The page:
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A 40-year-old man with refractory glaucoma was referred for decreased vision in the right eye after an aqueous shunting surgical procedure 3 weeks prior. The surgical procedure was a 2-staged Baerveldt implantation after which he developed fluctuating but progressive visual decline. The patient’s ocular history was significant for Sturge-Weber syndrome with bilateral cutaneous port-wine stains, secondary glaucoma in the right eye, and an irregular globe with a white cataract and chronic retinal detachment (RD) in the left eye.
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Diffuse choroidal hemangioma with exudative retinal detachments
C. Treat with radiotherapy
The patient had classic ophthalmologic features of Sturge-Weber syndrome, including eyelid angiomas, glaucoma, and diffuse choroidal hemangioma (DCH). Early-onset glaucoma can develop from anterior chamber abnormalities and late onset from increased episcleral venous pressure.1 Glaucoma in the patient’s right eye, likely owing to the latter, was refractive to medical therapy. He underwent 2-stage Baerveldt insertion—in the first stage, the plate was attached to the globe and 1 month later, allowing for scarring and capsule formation, the tube was placed into the anterior chamber.2 This approach has been reported effective at avoiding rapid intraocular pressure lowering that could result in fluid transudation due to increased hydrostatic pressure between the choroidal and abnormally high-pressure Sturge-Weber syndrome venous system.3 Despite these measures, an exudative RD associated with DCH developed.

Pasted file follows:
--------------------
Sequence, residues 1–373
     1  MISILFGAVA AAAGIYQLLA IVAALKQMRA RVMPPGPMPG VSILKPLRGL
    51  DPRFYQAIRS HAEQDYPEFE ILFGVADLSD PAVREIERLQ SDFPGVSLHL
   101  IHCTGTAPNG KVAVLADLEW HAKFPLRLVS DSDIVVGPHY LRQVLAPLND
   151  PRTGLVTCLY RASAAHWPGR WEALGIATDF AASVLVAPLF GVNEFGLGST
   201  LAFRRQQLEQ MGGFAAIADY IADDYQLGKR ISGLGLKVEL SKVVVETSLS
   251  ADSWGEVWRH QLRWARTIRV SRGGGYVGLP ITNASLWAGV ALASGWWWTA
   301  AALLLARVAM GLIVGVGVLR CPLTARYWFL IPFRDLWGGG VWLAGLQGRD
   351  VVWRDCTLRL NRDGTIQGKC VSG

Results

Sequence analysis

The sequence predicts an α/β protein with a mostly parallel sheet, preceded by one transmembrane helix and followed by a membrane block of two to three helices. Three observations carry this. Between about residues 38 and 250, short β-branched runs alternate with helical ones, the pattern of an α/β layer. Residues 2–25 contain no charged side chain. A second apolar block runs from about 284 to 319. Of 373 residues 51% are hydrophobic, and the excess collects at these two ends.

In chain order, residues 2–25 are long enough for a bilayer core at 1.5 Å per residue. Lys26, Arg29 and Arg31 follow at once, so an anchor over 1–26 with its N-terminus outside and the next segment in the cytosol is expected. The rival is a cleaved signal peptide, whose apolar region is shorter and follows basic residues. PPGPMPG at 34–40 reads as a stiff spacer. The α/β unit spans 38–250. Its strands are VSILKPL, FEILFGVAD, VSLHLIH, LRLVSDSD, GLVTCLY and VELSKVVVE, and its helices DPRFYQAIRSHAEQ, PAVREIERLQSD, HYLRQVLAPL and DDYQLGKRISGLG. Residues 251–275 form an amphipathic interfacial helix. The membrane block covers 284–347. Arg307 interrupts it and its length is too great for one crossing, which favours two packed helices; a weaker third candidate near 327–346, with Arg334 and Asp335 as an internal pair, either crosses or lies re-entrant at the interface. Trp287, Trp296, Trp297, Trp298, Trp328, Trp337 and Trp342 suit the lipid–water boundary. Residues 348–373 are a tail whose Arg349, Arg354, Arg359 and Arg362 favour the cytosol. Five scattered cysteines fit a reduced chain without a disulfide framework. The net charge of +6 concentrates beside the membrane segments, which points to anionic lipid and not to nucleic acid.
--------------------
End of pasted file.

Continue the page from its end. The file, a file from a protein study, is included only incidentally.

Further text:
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Corresponding Author: Evangelos Gragoudas, MD, Department of Ophthalmology, Massachusetts Eye and Ear, 243 Charles St, Boston, MA 02114 (firstname.lastname@example.org).
Published Online: March 4, 2021. doi:10.1001/jamaophthalmol.2020.4665
Conflict of Interest Disclosures: None reported.
Additional Contributions: We thank the patient for granting permission to publish this information.
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